- Tom O’Connor, “Russian Missile Defense Systems Are Coming to Brazil” (Newsweek, April 5, 2017).
“Russia has delivered a batch of shoulder-fired Igla-S air defense missile systems to Brazil and has planned on sending Panstir–1 air defense and artillery systems.”
- Andrea Barretto, “Brazilian Army Upgrades Armored Vehicle Fleet” (Revista Dialogo (U.S. Southern Command), April 4, 2017).
Brazil’s army has a 25-year plan to buy 1,580 armored combat vehicles, which it employs whenever it is called to assist in the re-taking or “pacifying” of a favela. It began with a $2 billion contract with Iveco, a domestic defense contractor.
- Antônio Werneck, “Policia Civil Quer Interromper Fluxo de Armas de Guerra para o Trafico Do Rio” (O Globo (Brazil), March 21, 2017).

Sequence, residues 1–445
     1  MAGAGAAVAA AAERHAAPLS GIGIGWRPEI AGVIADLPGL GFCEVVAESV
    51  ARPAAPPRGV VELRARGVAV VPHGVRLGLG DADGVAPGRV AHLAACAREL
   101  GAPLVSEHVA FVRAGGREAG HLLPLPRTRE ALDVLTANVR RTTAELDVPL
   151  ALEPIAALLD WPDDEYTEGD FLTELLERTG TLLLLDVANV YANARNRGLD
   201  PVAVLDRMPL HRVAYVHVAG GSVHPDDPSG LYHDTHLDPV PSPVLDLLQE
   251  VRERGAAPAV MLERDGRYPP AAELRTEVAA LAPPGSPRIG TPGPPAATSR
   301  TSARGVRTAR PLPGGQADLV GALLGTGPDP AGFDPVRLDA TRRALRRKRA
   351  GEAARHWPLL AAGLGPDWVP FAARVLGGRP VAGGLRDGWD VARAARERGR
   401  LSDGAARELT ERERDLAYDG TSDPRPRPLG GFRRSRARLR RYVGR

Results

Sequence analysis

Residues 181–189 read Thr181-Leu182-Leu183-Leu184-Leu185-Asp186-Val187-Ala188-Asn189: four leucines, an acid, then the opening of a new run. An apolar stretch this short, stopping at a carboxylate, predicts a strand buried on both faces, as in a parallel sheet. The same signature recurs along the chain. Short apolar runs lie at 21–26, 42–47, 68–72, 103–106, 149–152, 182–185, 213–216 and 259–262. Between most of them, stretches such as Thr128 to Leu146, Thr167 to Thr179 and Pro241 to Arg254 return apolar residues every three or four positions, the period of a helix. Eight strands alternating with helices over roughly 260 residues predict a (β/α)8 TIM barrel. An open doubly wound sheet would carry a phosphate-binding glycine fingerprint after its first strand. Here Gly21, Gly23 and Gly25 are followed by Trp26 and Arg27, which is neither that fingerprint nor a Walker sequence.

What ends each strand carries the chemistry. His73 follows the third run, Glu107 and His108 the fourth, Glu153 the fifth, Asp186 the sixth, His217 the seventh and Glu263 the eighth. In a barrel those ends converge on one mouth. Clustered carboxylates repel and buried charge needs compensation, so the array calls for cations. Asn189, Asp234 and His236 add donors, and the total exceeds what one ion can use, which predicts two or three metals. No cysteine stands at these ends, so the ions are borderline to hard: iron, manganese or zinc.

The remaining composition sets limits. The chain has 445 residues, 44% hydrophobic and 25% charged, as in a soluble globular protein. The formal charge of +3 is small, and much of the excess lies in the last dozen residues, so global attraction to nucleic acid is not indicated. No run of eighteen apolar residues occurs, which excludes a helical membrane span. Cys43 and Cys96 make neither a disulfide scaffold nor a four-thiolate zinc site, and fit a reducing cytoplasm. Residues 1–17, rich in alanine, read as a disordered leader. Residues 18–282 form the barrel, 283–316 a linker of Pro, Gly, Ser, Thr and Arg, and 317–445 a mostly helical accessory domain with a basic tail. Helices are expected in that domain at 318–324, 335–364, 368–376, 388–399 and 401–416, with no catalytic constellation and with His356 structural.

After seizing a record 371 assault weapons and rifles in 2016, and 2,615 over the past 10 years, Rio de Janeiro’s police have established a Specialized Weapons, Ammunition and Explosives unit. It will investigate the arms trafficking networks that are putting so many guns into organized crime’s hands.
- Ricardo Monsalve Gaviria, “De las Armas de las Farc No se Conocera su Origen” (El Colombiano (Medellin Colombia), March 21, 2017).
As the FARC guerrillas’ membership concentrates in disarmament zones around the country, the peace accord does not require the UN mission to record the guerrillas’ weapons’ serial numbers before it destroys them. This will make their origins impossible to trace, complicating any future investigation into global arms-trafficking networks. An infographic in this article shows the nations of origin of the weapons turned in by pro-government paramilitary groups 10 years ago: most were made in the United States, Russia, Bulgaria, or North Korea.
- Joshua Partlow, “The Soviet Union Fought the Cold War in Nicaragua. Now Putin’s Russia Is Back.” (The Washington Post, April 10, 2017).
While mostly about Russian intelligence presence in Nicaragua, this piece does discuss Russia’s donations of T–72 tanks to Daniel Ortega’s regime in Nicaragua.